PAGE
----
For Whom the Ball Rolls

  on July 06 2012 2:22 PM
For Whom the Ball Rolls

Let us agree to call it football for the remainder of this essay, since that it what it is when you disallow the use of hands and reward intricate side-stepping.

Where are you from? I do not mean where you currently stay. Nor do I want to know of your college. Your school. The place where you work for money. The places where you spend that money. The places where you save that money. The place where you had your first kiss. Or lost your virginity. Or heard Bob Dylan's divine cribbing for the first time. Or met your spouse. Buried your dad. Circled self-indulgent truths. Reconciled with life's stylized facts. Failed an exam. Ate an ice cream after breaking up. No, not those trivialities.

What I want to know is where you were born. Where your parents come from. Or maybe your grandparents. Or maybe even theirs. Now that is important. Really important. I got disappointed, upset and drunk (in that order, I think) when Italy lost the Euro Cup finals to Spain. And not just lost, it seemed as if the amateur band which opens for Metallica started performing a really bad OC in between 'Master of Puppets'. Really, it would have been a far superior spectacle if Spain had divided its players into two groups and played out the ninety minutes. Italy was juvenile, and their performance in the final was reminiscent of someone who works hard to enter an Ivy League just to flunk the first semester. Terrible. Pathetic.

I really wanted them to win. I cannot remember supporting any national team other than Argentina and Italy ever since I started watching football. I can mark with a pen the exact point where Baggio's penalty hit the crossbar, and I believe I can guess how old Batistuta's stubble was when he cried. Or maybe it is just because I owned their jerseys. I really do not know. So that night, at a bar, I was mad.

A guy who sat next to me quipped, "But you aren't Italian. So why care?"

And that got me thinking, why indeed?

Is it because rooting for a sportsman or a team goes beyond nationalism? Is it because a professional sport is much more meritocratic than it already seems to be? Or is it because we search for glorious universalities in a much fragmented world, where the need to hold on to something permanent supersedes all considerations, rational? Is it because we now as a race are collectively hunting for surrogate wins? My team beat your team, so I beat you. My James jumps higher than your Bryant, so stand I stand taller. Mine has a forehand that shapes like a shy, auburn country road in September. Romantic? Delusional? Desperate?

I come from a country which plays cricket really well. And when the national team loses the entire nation seems concurrently stabbed in the same place of their hearts with the same needle, and they feel the same pain. But there are regional teams and when they play the nation performs a mathematically clear but morally muddled self-division, and the remainders lash out at hitherto heroes. The same happens with club football, 'I love Cole, I hate Cole.'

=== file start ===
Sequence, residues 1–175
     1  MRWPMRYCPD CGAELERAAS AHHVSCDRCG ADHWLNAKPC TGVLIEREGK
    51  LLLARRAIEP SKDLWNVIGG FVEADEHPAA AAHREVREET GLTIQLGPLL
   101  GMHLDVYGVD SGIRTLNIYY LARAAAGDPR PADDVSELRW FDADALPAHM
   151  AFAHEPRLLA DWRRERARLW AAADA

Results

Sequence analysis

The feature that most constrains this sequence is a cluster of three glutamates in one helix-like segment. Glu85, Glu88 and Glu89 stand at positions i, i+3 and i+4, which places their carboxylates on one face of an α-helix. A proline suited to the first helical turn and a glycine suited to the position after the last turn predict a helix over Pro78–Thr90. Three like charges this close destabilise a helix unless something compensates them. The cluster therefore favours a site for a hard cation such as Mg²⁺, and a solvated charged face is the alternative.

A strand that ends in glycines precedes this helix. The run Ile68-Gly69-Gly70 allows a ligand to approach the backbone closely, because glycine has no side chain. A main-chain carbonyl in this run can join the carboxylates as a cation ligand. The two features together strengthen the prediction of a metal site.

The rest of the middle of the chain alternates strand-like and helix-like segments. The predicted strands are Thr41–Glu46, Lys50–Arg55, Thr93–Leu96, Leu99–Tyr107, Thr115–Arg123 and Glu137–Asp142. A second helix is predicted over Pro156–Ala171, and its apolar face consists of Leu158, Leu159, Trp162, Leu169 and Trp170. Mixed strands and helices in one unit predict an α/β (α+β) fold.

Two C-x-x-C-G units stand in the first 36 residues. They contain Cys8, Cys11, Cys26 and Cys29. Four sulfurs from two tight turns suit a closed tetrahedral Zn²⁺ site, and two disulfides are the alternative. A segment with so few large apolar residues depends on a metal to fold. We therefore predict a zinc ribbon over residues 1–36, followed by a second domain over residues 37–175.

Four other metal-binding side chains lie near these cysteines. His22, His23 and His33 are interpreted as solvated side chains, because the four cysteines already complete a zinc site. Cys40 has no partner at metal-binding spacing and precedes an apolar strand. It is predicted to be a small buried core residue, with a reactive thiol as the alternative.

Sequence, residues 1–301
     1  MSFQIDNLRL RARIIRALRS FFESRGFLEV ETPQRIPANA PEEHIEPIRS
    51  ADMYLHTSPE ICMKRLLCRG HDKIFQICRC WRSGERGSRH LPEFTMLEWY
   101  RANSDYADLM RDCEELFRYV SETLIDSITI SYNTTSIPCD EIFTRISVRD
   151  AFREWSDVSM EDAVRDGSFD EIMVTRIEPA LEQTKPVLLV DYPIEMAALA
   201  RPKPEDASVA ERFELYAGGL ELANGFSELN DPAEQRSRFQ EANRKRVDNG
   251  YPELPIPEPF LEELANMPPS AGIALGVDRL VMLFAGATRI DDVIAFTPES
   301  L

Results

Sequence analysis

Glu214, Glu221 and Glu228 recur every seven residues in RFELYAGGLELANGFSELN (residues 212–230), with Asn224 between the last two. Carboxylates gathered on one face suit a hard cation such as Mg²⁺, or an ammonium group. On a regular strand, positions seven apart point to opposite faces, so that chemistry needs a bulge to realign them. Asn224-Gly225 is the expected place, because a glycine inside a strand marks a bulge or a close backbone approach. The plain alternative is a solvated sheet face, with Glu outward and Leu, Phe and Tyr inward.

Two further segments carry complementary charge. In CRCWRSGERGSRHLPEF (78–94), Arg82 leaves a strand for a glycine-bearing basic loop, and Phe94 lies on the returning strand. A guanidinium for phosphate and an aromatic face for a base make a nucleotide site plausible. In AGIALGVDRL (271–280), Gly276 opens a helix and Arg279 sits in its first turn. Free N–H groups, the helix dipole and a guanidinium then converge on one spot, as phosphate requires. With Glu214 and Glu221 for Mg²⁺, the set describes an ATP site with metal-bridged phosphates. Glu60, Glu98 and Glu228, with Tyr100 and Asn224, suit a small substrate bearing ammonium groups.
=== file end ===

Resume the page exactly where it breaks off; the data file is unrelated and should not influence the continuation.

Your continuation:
And perhaps that unclear mast messes up our sense of direction. We end up like the spectators at a tennis match, keeping a careful eye on the most uninteresting part of the proceedings, the ball. As with everything else, we revolt for menial things and accept the dispossession of everything important, a trait common for our generation. Like the shirt colour of the guy on a football field who does an almost atheism-dissolving 'thing' with his (mostly) human foot. We lose the bigger picture, that when you watch a group of un-freaking-believably talented supermen compete with each other, the point is that. They stop being English or Spanish or French or Czech. They are barely our species. They are Simon & Garfunkel's neon Gods. They are Nietzsche's Zarathustra. It doesn't matter that they were not born within a few hundred miles of you regionally, what matters is that you can watch them, feel a tinge of jealousy and then a whole lot of love at being lucky enough to share the same set of vital organs. It is a humbling experience to watch Federer or even Nadal or Ali or Pirlo or Messi or Tendulkar or Bolt or Isinbayeva, to consider that they too stare up at the sky and wonder in absolute ignorance, that they have no secrets and that you have so much left to be, human. Asking why Italy and why not England is akin to asking why your mom is your mom and not mine. What is just is and there is no there there.

I wish I had thought of all this that night in that bar. It would have blown that dude's mind. Instead like an idiot I shouted back, "Because Pirlo rocks and Iniesta sucks!"

Oh well.